Interstellar ~ A Capsule Movie Review


Interstellar ~ A Capsule Movie Review by Allen Kopp 

In the new movie Interstellar, the earth is dying (a recurring theme in today’s pop culture) and cannot sustain its six billion people. NASA scientists have discovered a “wormhole” in space just outside our solar system. This wormhole allows for space and time to be compressed (remember the theory of relativity) so that earthlings can get to a hospitable, pristine, earth-like planet where human earth-life can begin again. Who made this wormhole, or who allowed earth people to know of its existence? The characters in the movie can’t bring themselves to say that it is part of God’s plan, presumably for fear of offending somebody. Welcome to the world of political correctness.

Matthew McConaughey plays a character known simply as “Cooper.” He is a disaffected farmer whose farm is being ruined by the bad old environment that people themselves have destroyed. He is also a widower, a father, and an engineer. Who better to lead the secret mission through limitless space to the wormhole and on to another planet (unknown, except that it is earthlike) that earthlings can call home? Of course, on the mission there is also the toothsome daughter (Anne Hathaway) of the genius (Michael Caine) who thought it all up but is too old himself to go along, and two male colleagues (one black and one white). Cooper reluctantly leaves his two children behind on earth, promising to return whenever he can. His daughter, with the odd name of “Murph,” will play a significant part in what is to come. (The revelation that comes to Cooper later in the story is that the mission is not to save him or his own family but to save the human species.)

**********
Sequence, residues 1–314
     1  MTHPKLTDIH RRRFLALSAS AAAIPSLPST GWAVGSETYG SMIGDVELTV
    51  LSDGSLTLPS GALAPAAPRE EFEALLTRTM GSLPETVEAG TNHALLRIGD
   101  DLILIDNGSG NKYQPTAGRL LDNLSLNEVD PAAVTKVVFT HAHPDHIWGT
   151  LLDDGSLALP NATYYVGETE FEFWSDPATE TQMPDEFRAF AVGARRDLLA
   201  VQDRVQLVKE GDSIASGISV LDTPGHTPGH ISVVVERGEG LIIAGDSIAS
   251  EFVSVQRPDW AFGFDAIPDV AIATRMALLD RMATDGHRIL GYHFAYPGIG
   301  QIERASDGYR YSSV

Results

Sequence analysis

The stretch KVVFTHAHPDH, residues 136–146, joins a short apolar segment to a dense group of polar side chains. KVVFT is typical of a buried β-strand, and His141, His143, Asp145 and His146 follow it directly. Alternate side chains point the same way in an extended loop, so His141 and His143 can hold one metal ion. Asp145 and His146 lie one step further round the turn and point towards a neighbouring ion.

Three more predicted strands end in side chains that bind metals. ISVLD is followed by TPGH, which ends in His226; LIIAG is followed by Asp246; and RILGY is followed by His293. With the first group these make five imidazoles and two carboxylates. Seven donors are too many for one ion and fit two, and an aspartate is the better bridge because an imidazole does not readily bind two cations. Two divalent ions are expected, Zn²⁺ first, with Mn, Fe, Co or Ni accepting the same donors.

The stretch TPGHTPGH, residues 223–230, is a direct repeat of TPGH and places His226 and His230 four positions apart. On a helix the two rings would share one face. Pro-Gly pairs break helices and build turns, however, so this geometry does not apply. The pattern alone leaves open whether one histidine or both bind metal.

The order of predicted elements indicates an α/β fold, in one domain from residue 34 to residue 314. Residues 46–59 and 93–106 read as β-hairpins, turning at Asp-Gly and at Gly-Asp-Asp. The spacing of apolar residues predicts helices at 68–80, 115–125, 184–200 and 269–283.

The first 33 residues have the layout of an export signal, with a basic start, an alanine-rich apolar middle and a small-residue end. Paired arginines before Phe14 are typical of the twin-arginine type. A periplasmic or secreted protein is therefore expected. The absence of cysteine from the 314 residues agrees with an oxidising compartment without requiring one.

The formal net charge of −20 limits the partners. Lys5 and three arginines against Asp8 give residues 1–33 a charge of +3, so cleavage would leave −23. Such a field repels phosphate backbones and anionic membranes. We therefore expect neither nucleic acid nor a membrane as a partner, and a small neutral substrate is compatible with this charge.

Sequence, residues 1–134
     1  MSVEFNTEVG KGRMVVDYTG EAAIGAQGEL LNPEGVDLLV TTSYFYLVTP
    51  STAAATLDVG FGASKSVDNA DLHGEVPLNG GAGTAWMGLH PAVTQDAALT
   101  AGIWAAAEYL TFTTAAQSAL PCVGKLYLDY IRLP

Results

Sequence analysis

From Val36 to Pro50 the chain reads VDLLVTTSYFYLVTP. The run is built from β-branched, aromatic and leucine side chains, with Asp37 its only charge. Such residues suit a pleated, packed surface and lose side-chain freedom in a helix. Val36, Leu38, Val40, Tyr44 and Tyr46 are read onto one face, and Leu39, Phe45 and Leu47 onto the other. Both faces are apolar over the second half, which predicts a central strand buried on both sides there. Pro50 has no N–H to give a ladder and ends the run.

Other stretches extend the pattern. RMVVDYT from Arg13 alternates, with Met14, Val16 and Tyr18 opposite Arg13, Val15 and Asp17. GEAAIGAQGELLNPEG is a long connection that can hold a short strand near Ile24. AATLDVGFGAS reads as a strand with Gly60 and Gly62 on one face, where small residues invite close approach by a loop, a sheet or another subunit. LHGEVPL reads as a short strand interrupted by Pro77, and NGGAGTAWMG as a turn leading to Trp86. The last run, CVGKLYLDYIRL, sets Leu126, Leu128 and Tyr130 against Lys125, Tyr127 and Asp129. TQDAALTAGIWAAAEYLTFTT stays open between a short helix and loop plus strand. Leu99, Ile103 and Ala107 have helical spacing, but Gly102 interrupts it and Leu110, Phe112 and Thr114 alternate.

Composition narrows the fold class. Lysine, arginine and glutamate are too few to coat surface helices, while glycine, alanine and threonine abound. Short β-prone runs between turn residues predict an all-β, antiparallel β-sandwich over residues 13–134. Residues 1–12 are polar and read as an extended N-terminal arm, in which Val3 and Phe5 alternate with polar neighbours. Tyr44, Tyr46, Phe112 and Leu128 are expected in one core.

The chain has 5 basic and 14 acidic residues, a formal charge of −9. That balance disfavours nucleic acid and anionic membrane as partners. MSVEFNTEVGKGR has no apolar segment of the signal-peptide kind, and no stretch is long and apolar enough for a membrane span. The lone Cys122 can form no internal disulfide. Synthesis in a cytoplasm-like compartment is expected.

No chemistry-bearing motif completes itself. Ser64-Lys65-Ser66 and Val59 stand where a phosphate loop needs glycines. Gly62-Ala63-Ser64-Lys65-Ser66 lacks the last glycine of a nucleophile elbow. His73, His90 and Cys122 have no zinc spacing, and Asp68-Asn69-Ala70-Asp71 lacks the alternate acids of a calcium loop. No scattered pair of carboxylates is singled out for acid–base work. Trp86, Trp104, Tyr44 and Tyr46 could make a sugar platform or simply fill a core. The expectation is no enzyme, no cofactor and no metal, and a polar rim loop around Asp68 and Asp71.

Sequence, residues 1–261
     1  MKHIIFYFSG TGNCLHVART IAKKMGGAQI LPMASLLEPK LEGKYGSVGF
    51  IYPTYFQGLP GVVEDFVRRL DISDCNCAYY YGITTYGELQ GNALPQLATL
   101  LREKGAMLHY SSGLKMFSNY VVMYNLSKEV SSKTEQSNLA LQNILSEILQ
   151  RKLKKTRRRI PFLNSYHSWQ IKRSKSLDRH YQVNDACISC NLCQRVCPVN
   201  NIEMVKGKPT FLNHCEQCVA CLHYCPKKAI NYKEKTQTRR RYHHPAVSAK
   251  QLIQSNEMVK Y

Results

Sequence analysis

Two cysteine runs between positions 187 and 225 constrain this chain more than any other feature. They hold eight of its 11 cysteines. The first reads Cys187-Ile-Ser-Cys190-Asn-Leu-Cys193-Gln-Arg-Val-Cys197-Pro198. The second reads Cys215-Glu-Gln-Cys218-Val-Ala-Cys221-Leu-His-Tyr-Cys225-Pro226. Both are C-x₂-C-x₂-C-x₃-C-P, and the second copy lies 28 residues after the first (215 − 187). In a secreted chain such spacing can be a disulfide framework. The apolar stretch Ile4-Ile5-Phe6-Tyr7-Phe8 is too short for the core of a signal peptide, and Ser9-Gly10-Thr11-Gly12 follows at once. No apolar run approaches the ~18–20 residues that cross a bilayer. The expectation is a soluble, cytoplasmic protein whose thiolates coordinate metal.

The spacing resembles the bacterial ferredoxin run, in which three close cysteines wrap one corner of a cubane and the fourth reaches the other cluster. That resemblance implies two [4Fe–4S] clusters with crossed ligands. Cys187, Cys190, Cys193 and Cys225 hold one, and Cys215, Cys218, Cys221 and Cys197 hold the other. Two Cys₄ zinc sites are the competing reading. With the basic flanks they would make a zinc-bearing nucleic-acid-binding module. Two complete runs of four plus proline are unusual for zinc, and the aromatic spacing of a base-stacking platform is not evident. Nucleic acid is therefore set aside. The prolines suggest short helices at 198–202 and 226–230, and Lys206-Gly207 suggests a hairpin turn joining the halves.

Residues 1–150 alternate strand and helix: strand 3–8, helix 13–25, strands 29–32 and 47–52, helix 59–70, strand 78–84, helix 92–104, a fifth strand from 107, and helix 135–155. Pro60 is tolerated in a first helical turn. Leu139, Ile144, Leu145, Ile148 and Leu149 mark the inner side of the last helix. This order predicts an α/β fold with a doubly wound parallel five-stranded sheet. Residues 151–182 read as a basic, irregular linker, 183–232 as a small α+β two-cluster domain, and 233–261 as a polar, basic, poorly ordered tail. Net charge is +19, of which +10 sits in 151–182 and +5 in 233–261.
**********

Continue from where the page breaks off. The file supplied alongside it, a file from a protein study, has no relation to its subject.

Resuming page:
Interstellar is long (eleven minutes short of three hours) and loud, with a pulsing music score that, even though it’s good music, seems to get in the way at times of the audience being able to hear what the characters are saying. My problem throughout much of Interstellar is that a lot of the dialogue is incomprehensible. I might have felt more engaged by the whole thing if I had known what was happening as revealed by what the characters were saying. And when the explorers land on another planet, it’s disappointing because all we can see is water. Where are the exotic inhabitants and strange (to us) plants and animals? Who wants to see only water and waves? We have that on earth.

I got a similar feeling from Interstellar that I got from Elysium, Inception, Prometheus, and other movies. The cleverness of it gets in the way of the story. I don’t want to be blown out of my seat by special effects, gimmickry, and sound design. I want to be blown out of my seat by a believable and beautifully written story that I’ve never seen before.

Copyright © 2014 by Allen Kopp

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